In part 10 of a 12-week programme, the IAA – and its category partner Booker Wholesale – help retailer Seelan Thambirajah improve his service to the community

The next part of our weekly guide to improving your business with the IAA focuses on making contributions to your local area. Being active in the community you serve can raise awareness among local residents, drive loyalty and help create a status for being the main grocery destination in the area.

Our category guide on the page opposite will show you how Seelan Thambirajah improved his business with Martyn Parkinson, brand director for Premier at category partner Booker Wholesale, using an action plan based on IAA benchmarking criteria.

Seelan opened his 1,800sq ft shop, located in a suburb of Bedford, at the start of April and transformed it from a rundown newsagent to a modern store at the centre of a local community. The shop’s appearance has improved considerably and also benefits from a customer base which consists of working-class families alongside two nearby schools.

Why I take part

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Seelan says: Having expert information supplied to me and working with the IAA is really valuable because it’s helping me develop my business. It’s useful to have this personal communication.

Before I took over the store, it had been in the local community for years and I want to use the help offered by Booker Wholesale to increase its reputation and make the store stand out further to more customers.

IAA Advice for Seelan

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Seelan’s challenge: Becoming a one-stop shop offering services

Seelan has the advantage of being the only convenience store in the cul-de-sac and attracts residents with core services such as a free cash machine, PayPoint and the National Lottery. Will additional services boost sales?

Martyn says: “Customers based in residential and suburban areas will be especially attracted to products such as a cash machine or PayPoint because they allow them to top-up utilities and other vital services. Seelan has a big opportunity here as the only convenience store in the area and he can build on this by asking customers if they want any additional services.”

Action: Leave a suggestion box by the till for services customers want to see in the shop and encourage staff to ask for their thoughts.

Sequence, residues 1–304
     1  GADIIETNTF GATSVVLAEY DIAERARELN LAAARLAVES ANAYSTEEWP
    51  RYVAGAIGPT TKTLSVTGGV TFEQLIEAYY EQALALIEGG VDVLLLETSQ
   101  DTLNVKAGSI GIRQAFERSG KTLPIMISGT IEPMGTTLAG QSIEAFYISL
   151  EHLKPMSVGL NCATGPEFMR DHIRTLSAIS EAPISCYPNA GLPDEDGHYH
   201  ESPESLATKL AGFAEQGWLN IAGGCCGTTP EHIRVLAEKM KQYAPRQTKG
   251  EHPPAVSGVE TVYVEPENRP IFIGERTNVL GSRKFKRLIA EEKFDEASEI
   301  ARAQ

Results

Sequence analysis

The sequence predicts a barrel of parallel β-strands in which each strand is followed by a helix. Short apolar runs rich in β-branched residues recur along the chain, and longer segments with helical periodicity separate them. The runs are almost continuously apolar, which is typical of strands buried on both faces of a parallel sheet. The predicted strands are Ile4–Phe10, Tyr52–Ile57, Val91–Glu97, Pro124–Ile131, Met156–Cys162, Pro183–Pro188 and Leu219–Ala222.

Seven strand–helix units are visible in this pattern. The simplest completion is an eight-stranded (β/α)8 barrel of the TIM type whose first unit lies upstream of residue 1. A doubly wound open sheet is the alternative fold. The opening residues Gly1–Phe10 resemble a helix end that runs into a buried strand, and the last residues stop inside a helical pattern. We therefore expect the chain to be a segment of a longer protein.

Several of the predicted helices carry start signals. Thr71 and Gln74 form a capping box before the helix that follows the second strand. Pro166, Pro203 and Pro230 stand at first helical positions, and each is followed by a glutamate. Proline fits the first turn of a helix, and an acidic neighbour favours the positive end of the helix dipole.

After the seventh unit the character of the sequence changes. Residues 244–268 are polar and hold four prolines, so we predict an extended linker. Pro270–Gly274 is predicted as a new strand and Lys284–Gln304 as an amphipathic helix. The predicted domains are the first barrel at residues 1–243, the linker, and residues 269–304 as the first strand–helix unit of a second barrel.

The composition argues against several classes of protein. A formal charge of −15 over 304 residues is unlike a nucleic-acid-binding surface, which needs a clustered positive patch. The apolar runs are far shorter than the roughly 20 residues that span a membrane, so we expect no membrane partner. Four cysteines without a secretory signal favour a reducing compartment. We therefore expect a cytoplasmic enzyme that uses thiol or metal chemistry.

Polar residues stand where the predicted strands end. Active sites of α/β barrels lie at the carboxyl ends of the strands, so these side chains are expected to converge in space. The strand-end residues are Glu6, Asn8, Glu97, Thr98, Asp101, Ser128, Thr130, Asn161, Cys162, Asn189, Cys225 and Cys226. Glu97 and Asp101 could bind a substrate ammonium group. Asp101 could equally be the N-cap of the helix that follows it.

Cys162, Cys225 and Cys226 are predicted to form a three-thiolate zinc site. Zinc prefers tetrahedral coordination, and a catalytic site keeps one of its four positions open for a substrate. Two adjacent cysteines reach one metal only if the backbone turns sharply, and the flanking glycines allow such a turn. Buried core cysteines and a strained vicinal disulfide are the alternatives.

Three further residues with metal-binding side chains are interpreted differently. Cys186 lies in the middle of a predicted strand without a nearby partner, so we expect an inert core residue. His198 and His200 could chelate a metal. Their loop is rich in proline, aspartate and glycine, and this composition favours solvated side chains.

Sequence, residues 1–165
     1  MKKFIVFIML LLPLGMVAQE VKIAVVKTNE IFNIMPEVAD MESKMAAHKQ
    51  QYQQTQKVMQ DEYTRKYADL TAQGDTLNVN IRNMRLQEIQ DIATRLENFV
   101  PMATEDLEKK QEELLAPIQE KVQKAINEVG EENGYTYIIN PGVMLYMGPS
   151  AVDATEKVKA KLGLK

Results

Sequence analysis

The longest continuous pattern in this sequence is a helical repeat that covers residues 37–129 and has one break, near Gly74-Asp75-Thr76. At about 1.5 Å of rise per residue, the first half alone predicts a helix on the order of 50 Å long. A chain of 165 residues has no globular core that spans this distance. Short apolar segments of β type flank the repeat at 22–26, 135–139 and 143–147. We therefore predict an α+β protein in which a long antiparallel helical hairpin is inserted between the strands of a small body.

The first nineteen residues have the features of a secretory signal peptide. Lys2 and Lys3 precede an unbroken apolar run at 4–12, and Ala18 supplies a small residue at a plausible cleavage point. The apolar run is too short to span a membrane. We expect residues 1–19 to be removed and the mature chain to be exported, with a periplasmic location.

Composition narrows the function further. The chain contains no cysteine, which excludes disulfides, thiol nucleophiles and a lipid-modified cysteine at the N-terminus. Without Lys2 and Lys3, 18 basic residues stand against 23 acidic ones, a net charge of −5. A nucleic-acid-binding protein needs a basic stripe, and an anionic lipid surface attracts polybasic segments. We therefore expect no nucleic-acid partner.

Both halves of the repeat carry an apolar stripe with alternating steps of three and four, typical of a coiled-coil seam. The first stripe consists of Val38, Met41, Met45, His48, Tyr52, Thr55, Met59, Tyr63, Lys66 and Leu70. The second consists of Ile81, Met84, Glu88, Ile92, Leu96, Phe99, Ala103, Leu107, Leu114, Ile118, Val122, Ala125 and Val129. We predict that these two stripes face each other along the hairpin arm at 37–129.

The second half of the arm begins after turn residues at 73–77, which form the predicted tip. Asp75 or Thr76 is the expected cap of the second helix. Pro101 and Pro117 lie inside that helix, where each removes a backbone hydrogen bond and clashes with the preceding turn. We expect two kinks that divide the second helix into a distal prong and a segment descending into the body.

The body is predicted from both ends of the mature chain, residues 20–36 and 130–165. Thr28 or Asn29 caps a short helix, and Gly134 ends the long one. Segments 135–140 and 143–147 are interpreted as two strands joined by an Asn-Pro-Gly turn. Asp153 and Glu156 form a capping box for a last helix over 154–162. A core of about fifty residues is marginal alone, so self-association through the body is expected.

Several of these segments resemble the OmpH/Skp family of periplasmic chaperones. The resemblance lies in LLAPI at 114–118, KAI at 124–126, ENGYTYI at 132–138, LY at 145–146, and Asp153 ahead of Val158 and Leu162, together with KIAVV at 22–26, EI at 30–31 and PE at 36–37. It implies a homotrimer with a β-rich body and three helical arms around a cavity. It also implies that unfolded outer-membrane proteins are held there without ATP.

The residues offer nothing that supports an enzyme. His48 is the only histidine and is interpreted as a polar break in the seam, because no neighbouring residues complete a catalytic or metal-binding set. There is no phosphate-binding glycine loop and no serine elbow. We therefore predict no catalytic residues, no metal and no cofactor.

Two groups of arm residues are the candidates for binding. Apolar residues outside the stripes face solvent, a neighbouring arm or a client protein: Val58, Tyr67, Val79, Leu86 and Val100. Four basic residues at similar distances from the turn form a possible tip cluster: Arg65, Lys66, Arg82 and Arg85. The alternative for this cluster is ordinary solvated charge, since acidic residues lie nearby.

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Seelan’s challenge: Supporting and promoting local initiatives and campaigns

The two primary schools nearby Seelan’s shop, alongside families living close by, give him plenty of opportunity to engage with the local community. How should he decide what is best to support and how to get started?

Martyn says: “Community spirit and special events are really effective way of increasing potential sales. Seelan can establish a relationship with nearby schools to find out if they have any causes the shop can help fundraise for. Not only will the charitable spirit give the store a good reputation, but the schools will likely ask if it can supply any products for future events.”

Action: Speak regularly to headmasters of nearby schools to enquire about opportunities for partnerships and charitable events

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Seelan’s challenge: Sharing his store’s hard work and success

Seelan has a Facebook page for the store, but this is only providing basic information such as opening hours. Can he attract additional footfall by being more proactive with what he posts throughout the week?

Martyn says: Facebook is a powerful tool for attracting customers. Seelan can get free advertising for his store by posting pictures of events he has been involved with, such as photos of the school football team wearing kits donated by the shop. Residents will gain good impressions of the shop and are more likely to tell their friends and family about it.”

Action: Post photos and videos of your involvement with community events and charities on Facebook to raise your profile

Partner advice

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Martyn Parkinson, Brand Director – Premier, Booker Wholesale

“Seelan’s shop benefits from being at the centre of a big working-class community with many families. There are opportunities for him to raise his reputation through more proactive involvement in events, such as school sports days or coffee mornings.”